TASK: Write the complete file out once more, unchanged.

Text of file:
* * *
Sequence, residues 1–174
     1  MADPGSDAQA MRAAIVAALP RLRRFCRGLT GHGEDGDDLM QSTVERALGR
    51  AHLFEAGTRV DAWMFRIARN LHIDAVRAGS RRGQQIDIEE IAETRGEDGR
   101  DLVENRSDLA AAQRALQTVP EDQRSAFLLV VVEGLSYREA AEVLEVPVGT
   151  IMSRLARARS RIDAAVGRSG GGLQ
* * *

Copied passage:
Sequence, residues 1–174
     1  MADPGSDAQA MRAAIVAALP RLRRFCRGLT GHGEDGDDLM QSTVERALGR
    51  AHLFEAGTRV DAWMFRIARN LHIDAVRAGS RRGQQIDIEE IAETRGEDGR
   101  DLVENRSDLA AAQRALQTVP EDQRSAFLLV VVEGLSYREA AEVLEVPVGT
   151  IMSRLARARS RIDAAVGRSG GGLQ